And then finally you get the guy in the ad saying he doesn’t agree with everything Obama has said and done, but he respects and trusts the man.  Which has to be the most maddening part of the ad.  Now, first, I didn’t see any part of the ad claiming that these were not paid actors, so I presume that this line was written by an someone else.  And even if he said this honestly and spontaneously, this is not raw video.  They edited this to choose the best messages.  And this is the best message, in their minds. Sure, you don’t agree with the guy, but just put that aside and trust the man.  Don’t think for yourself, or at least let your own opinions change how you will vote.  Just vote for the guy.

Does that even make sense in the context of reelection?  That, according to this man, there is no one the GOP could nominate that he would respect and trust more than the President, who might even agree with him more often?  It is an open pitch for slavish following, and unsuited for the leader of a free republic.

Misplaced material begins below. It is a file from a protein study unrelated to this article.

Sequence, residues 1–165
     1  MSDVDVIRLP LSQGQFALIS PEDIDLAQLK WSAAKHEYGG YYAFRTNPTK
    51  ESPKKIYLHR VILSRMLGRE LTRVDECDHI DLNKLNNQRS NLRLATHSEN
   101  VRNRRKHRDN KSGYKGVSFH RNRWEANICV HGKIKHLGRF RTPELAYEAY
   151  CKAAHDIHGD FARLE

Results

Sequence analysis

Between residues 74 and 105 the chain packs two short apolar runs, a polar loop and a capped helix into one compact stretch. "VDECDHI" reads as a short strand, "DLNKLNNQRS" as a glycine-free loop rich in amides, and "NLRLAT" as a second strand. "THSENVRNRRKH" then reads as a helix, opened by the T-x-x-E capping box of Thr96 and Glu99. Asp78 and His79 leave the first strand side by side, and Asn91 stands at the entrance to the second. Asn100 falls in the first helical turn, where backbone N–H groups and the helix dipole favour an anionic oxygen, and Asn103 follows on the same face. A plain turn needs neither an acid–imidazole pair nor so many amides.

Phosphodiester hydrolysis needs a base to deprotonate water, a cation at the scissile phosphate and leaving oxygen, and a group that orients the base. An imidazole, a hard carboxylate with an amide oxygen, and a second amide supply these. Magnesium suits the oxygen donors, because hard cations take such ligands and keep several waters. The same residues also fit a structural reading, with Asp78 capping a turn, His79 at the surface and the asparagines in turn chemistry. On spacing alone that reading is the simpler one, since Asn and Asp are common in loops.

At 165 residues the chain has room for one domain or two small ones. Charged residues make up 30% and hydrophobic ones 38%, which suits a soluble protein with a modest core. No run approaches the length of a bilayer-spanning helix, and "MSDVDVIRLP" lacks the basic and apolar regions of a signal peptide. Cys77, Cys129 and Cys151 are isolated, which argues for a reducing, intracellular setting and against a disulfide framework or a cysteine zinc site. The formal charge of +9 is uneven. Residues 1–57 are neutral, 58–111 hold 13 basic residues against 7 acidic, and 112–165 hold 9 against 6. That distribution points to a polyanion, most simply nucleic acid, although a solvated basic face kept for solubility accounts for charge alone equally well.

It’s only the first salvo, I know, but oy vey, that is weak.

[Posted and authored by Aaron Worthing.]

U.S. Industries Die: And I Rejoice

Filed under: General — Stranahan @ 4:36 am

[Guest post by Lee Stranahan]

The Huffington Post has an ominous headline about 10 American industries that are dying. (This shows that the ominous headline industry is doing just fine, but I digress.)